Christianity 201

October 20, 2011

Drink Living Water From The Fountain of Life

Last night I was searching the ‘net for a song that represents a genre not often heard in today’s contemporary Christian music market, Living Water by Denny Correll.  I have the LP somewhere, but I was dying to hear the song.  In the process, I found a blogger who uses the songs from the Jesus Music era as the foundation for devotionals.  So I invite you to either click over to the blog Great, Great Joy now; or read what follows and then link over to click the audio track and follow the lyrics on a classic song.

Have you ever felt so excited about something that you couldn’t contain yourself? You just had to tell your friend, your neighbor, the person you met while walking down the street? This news you had was just too good to keep inside. It was like something that was bursting out of you that you couldn’t control!

The Joy that Jesus brings to my life is like that sometimes. Almost like a geyser, the Spirit bursts forth from me, usually in songs that I know, and that Joy comes out with it. It is literally energizing to have this happen, and spend the next several hours with music coming out in hums and whistles and fragments of song.

Jesus talks about this in the Gospel of John, chapter 7, verses 37 to 39: “On the last and greatest day of the Feast, Jesus stood and said in a loud voice, ‘If anyone is thirsty, let him come to me and drink. Whoever believes in me, as the Scripture has said, streams of living water will flow from within him.’ By this he meant the Spirit, whom those who believed in him were later to receive.”

This “living water” that Jesus spoke of, the Holy Spirit, is obviously so much more than just a song. But His work in your spirit could be through tears and repentance, or through joy and song. And I know that one way in which He works (at least in me) is to bring back to my remembrance Scripture that I’ve learned in the past — or possibly a song. And regardless of how He chooses to work in me today, it gives me something I can use to water the thirsty land around me, if I choose to let it flow!

Denny Correll released an album in 1979, Standin’ In The Light. One of the tracks on that album, Living Water is a joyful song that explains what I’ve said above in different words. Enjoy!

Click over to Great Great Joy to hear the song and read the lyrics.

February 21, 2011

Worship With Both Hands

We worship God with one hand UP and one hand OUT; worship is about God and my neighbor — about loving Jesus and loving others.You can’t have one without the other

That’s inspired by Mark 12:28-31, where Jesus is asked which commandment is the greatest. He responds by saying, “Love the Lord your God with all your heart…” and “Love your neighbor as yourself.”  I find the church gets the first part right. That’s the up part. We know how to raise our hands up in worship. The problem is that if both our hands are up saying, “God, I Love You,” then we don’t have a hand free to put out to our neighbor. Worship has to be balanced — one hand raised to God and one hand stretched out to our neighbors, serving and loving them in the name of Jesus.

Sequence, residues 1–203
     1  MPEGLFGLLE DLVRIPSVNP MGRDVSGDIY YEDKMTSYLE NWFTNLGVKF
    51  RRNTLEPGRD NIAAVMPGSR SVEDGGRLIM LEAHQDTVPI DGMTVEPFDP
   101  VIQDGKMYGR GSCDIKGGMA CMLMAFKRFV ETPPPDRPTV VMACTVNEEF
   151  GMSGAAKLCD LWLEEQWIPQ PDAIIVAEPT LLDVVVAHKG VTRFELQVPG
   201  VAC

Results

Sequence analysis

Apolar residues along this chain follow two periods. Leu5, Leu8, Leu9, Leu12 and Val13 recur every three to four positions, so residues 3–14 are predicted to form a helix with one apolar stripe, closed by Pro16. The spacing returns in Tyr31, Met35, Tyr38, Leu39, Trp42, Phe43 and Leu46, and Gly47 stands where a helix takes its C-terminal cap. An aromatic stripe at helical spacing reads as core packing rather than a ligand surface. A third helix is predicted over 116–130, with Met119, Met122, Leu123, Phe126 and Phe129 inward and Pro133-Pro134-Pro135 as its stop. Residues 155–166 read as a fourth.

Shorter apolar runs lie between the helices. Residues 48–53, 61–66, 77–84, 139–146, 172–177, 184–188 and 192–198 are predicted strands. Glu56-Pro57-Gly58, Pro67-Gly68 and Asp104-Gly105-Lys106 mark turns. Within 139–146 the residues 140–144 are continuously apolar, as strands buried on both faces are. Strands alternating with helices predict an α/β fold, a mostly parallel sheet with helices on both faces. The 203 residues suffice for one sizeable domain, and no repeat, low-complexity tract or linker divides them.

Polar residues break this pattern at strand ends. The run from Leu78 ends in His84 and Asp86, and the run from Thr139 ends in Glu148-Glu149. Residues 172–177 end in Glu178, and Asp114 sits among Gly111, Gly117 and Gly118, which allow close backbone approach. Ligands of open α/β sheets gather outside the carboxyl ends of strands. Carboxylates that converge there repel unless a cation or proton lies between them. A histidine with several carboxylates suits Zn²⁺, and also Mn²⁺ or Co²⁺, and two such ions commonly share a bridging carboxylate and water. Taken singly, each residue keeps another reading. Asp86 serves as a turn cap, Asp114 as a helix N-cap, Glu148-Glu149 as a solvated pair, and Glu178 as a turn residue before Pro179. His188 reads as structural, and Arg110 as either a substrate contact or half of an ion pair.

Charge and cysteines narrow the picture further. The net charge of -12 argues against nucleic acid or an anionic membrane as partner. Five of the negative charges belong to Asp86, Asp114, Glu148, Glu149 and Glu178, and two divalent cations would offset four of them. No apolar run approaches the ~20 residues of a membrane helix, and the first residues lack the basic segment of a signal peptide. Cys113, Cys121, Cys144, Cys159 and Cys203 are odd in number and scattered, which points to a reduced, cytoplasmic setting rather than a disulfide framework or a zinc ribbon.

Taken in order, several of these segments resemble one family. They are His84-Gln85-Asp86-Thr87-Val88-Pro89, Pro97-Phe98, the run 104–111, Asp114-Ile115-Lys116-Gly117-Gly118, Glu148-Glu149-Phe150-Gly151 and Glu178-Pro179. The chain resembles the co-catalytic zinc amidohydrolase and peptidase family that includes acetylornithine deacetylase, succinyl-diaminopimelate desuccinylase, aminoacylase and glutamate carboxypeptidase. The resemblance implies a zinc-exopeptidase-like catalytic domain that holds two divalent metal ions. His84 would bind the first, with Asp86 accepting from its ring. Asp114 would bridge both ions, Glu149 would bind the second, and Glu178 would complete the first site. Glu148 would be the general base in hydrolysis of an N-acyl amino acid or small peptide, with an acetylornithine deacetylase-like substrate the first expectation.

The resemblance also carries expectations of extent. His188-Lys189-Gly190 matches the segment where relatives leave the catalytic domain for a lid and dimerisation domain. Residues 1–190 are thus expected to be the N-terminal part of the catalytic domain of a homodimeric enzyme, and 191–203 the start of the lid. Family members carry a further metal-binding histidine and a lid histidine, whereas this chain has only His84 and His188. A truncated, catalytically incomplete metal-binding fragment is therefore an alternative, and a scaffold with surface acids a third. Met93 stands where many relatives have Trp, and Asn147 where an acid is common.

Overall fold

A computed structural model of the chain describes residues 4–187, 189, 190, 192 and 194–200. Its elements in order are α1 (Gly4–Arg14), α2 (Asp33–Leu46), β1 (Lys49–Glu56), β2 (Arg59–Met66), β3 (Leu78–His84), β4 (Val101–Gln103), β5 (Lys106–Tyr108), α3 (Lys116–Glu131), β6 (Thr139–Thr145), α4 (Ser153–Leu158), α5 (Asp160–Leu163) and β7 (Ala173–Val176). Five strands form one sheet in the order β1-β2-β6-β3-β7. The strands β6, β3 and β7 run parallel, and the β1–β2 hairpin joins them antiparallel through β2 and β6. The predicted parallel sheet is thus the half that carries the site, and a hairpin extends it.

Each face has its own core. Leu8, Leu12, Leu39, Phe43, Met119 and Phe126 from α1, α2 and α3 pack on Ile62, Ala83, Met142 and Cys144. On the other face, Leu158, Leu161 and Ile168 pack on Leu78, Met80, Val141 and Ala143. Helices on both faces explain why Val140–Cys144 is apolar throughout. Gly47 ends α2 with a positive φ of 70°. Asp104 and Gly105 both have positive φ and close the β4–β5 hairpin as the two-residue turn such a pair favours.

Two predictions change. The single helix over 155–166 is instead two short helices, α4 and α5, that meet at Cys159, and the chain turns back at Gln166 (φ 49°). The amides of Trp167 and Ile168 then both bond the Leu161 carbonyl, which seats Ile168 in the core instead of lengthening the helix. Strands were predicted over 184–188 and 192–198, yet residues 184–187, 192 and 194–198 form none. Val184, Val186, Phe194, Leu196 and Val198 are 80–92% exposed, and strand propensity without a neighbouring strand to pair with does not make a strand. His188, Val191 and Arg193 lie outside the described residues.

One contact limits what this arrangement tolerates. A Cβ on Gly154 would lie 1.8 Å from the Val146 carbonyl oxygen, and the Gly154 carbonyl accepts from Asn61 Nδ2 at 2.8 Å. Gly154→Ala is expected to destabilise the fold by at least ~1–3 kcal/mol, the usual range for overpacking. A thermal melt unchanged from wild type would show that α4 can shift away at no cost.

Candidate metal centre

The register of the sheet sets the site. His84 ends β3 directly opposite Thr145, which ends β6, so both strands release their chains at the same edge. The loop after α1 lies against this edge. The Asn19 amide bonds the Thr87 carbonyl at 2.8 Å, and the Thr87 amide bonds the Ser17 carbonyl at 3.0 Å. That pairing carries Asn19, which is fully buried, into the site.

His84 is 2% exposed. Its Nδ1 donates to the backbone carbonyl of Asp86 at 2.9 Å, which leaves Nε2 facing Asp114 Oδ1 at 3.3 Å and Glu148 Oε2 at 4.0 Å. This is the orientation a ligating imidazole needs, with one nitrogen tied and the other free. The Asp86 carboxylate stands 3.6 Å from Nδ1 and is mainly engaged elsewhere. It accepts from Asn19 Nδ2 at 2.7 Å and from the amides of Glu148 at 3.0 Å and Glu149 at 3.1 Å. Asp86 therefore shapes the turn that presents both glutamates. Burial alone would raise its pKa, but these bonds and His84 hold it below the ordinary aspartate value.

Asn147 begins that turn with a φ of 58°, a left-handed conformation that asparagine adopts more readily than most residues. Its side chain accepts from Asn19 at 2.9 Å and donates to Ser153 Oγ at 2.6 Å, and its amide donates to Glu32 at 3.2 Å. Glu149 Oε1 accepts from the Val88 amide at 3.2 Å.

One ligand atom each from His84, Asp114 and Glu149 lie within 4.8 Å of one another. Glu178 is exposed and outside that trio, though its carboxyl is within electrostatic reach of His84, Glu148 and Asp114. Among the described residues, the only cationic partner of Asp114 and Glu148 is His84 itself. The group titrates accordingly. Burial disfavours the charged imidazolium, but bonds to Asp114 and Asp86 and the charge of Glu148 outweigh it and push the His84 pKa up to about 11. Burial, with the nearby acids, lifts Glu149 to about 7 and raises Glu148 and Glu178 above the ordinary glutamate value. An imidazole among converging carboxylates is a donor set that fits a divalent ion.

I believe I worship God by being hospitable to my neighbor. For example, by throwing a street party not to preach, but to simply celebrate the community I share with them. I worship God when I open the door for someone else, when I look someone in the eye and listen to what they’re saying, and when I feed the poor and give money to someone who needs it more than I do…

Jonathan Manafo
Associate Pastor, Christian Life Centre
Ajax, Ontario, Canada
as quoted in Testimony Magazine.

That reminded me of this song by Love Song from the early days of the Jesus Movement. The group reunited in 2009 to perform the song once again:

And while reminiscing about classic contemporary Christian music, I couldn’t help but think of Chris Christian’s recording of Mountain Top. That song isn’t online, but Amy Grant covered it. The song reminds us that worship is far more than what we do on Sundays.

Are there songs today that express this two-pronged aspect of what true worship is? We’ve become far more active in the lives of the poor; in addressing social justice issues; but do we do it with a spirit of worship, a sense that what we do “to the least of these” we are doing onto God? That true worship involves service to widows and orphans?

I just wonder if we’re getting more familiar and more efficient with doing something, but we’ve lost the sense that in so doing, we are giving worship to God. That would be unfortunate.

Francis Chan says,

We need to stop giving people excuses not to believe in God. You’ve probably heard the expression, “I believe in God, just not organized religion.” I don’t think people would say that if the church truly lived like we are called to live. The expression would change to, “I can’t deny what the church does, but I don’t believe in their God.” At least then, they’d address their rejection of God rather than use the church as a scapegoat.

Crazy Love pp 21-22